Transgender teens in Family Court win

THE country's top Family Court judges have made it easier and cheaper for transgender teens to change sex.

A Sydney father brought the landmark case on behalf of his son, 17-year-old "Kelvin", who was born female but has identified as a boy since the age of nine, and won the right for teenagers to make the decision without court oversight.

This means teenagers can start hormone treatment to change their sex with approval only from the medical profession and their parents.

"The distress caused by gender dysphoria can lead to anxiety, depression, self-harm and attempted suicide," the court said in yesterday's judgment.

Protest... Hundreds protest a Trump administration announcement this week that rescinds an Obama-era order allowing transgender students to use school bathrooms matching their gender identities
Protest... Hundreds protest a Trump administration announcement this week that rescinds an Obama-era order allowing transgender students to use school bathrooms matching their gender identities

"The treatment can no longer be considered a medical procedure for which consent lies outside the bounds of parental authority and requires the imprimatur of the court."

The judges were told young people were suffering because the process of gaining court approval for hormone treatment was so costly and lengthy.

Of about 60 transgender applications­ made by children to the Family Court since 2004, none has been refused

The Family Court deemed the ruling so important that five of its appeal judges sat on the case - the first time they had done so in 12 years.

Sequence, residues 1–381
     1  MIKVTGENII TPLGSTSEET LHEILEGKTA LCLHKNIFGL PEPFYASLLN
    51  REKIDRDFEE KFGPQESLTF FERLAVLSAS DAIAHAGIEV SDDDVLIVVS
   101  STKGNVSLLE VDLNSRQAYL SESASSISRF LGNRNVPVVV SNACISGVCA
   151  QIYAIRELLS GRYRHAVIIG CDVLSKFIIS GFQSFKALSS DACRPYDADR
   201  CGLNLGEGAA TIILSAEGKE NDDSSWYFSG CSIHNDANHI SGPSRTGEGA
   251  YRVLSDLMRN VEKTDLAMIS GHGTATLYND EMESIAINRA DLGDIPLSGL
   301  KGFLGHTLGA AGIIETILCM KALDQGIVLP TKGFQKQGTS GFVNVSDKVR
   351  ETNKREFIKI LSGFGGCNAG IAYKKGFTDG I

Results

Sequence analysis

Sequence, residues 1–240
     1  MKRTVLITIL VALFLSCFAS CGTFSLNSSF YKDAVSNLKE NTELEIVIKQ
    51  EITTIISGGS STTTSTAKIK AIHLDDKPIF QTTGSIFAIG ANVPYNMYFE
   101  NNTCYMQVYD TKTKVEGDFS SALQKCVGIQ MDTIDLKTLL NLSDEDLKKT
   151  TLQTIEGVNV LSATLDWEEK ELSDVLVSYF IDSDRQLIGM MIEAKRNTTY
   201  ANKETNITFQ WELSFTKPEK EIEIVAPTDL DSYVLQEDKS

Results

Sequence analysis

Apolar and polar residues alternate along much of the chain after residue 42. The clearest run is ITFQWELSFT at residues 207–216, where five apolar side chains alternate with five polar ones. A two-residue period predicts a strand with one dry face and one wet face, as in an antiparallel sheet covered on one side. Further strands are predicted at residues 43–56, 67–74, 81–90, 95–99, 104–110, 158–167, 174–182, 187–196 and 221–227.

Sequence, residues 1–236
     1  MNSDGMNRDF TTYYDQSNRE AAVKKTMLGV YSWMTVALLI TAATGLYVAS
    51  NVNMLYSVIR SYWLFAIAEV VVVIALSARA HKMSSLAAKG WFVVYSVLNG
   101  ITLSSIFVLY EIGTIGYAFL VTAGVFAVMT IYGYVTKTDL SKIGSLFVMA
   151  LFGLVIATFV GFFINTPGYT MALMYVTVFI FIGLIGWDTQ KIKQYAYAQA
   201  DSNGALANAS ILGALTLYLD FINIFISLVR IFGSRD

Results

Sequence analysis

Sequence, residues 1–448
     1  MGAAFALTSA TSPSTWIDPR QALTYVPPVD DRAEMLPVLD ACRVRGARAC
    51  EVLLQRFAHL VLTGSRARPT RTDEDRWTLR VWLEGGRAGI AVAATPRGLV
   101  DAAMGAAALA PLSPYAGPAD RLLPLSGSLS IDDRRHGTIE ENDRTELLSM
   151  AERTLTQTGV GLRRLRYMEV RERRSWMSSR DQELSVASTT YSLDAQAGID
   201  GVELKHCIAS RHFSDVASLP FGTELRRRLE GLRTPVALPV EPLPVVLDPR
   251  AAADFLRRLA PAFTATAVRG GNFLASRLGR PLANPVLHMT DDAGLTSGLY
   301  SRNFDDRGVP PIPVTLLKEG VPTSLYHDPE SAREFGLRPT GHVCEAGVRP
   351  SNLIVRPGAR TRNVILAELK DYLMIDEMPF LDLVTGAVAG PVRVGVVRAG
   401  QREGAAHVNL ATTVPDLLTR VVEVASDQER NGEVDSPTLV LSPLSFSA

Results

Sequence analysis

Previously, teens could begin only "puberty-blocking treatment" without court approval after being diagnosed with gender dysphoria, a term the court said describes the distress experienced by transgender people. That treatment is reversible, unlike hormone drugs.

The judges found there were risks in not providing hormone drugs, while also acknowledging that they can cause infertility.

Support.... Attorney-General George Brandis
Support.... Attorney-General George Brandis

Kelvin changed schools to present as a male, used a chest-binder and in 2014 attended the Lesbian Gay Bisexual Transgender Intersex and Questioning "campout" on the Central Coast.

The court had already ruled Kelvin was "competent" and fully understands what is involved in starting hormone treatment, as required under the previous law, but his father brought the appeal to ask the court to step out of the process altogether.

Among those supporting the change was federal Attorney-General George Brandis, who supported the views of the ACT group A Gender Agenda, and the Australian Human Rights Commission.

Only the NSW Department of Family and Community Services­ raised any opposition, saying the court should remain in an oversight role to make sure there was no "grave error" and the treatment was in the best interests of the child.



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